The following commentary comes from an independent investor or market observer as part of TheStreet's guest contributor program, which is separate from the company's news coverage.
By Jeff Reeves, editor of InvestorPlace.com
NEW YORK (
InvestorPlace ) --
Exchange traded funds are both a blessing and the curse for individual investors these days. On the plus side, good
ETFs allow folks easy access to sector bets and diverse investments with low fees and ease of trading. On the down side, everybody and their cousin are getting into the ETF game and creating an increasingly muddled marketplace makes selecting the best fund difficult.
Specifically, there are over 1,000 ETFs to choose from, with more than 230 new ETFs launched in the last year alone -- and over 700 more in the pipeline if you believe a report from IndexUniverse.
So how do we fix this mess? Simple: The ETF marketplace should focus on quality and not quantity.
That's in the best interest of fund managers as well as investors. For instance, a top strategist at ConvergEx group told the
that just 17 of the funds debuting last year attracted enough investors to generate "worthwhile profits"-- that is, more than $100,000. And according to
at the end of November, more than 350 ETFs held under $25 million in assets "a rule-of-thumb break even point for ETF issuers." The market clearly can't support a universe of ETFs this size.
So allow me to offer my suggestions for the first 3 funds that should be first in line on the chopping block:
Direxion Airline Shares ETF (FLYX)
Leveraged ETFs -- that is, funds that are meant to provide two times or three times a benchmark -- are the bread and butter of Direxion. But the fund manager dipped its toes into the conventional ETF game space with the lift-off of the
Direxion Airline Shares ETF
. Why? First off, we already enjoy the meager
Guggenheim Airline ETF
, which had less than $40 million in assets as FLYX took off.
What's more, it's not like airlines are a dynamic group of stocks with a lot of new companies or a wide variety of strategies or a big universe of stocks. The icing on the cake is that both of these are simply benchmarked to the NYSE Arca Airline Index and don't have a creative bent of their own.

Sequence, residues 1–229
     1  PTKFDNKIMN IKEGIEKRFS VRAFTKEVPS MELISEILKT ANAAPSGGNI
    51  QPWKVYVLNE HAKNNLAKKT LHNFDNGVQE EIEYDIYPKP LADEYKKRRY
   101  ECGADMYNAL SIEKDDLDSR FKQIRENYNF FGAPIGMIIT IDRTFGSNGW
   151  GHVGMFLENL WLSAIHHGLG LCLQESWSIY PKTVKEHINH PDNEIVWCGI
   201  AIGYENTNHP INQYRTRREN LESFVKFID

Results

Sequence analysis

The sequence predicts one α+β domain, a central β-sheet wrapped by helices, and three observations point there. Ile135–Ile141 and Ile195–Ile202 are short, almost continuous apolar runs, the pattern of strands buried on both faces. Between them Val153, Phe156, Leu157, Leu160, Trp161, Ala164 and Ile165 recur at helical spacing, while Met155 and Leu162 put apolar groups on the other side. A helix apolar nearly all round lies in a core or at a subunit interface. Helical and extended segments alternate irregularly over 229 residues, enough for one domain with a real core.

One has to go -- and since FLYX debuted just three months ago, I nominate this Direxion ETF to get the axe.
WisdomTree Middle East Dividend Fund (GULF)
The specific example of the
WisdomTree Middle East Dividend Fund
is part of a general trend among ETFs to blend strategies in a way that just seems strange. So let's say you're thinking of investing in the Middle East -- a complicated task considering there is a dearth of publicly traded companies in the region, and the few that are there are largely outside the U.S. stock exchange.
Well, that's what many emerging market ETFs have been made for, right? To bring out-of-reach investments in Brazil and Taiwan to everyday armchair investors. But what in the world made someone at Wisdom Tree decide to work in a dividend flavor on top of this? The result is a strange fund made up of telecoms and banks in the area -- with the top holding being Kuwait's Mobile Telecommunications Company (Zain), at 15% of the portfolio.
I don't mind logical mixing of strategies -- like that Goober Grape spread from Smuckers that puts peanut butter and jelly mixed together in the same jar. But this is like a jar that contains pureed bread, lettuce, turkey, cheese and mayo. Some things are best bought separately and assembled by the consumer.
B2B Internet HOLDRS (BHH)
Ok, put your thinking caps on -- because the
B2B Internet HOLDRS
is not an easy product to explain. In fact, the complexity is a top reason to kill it.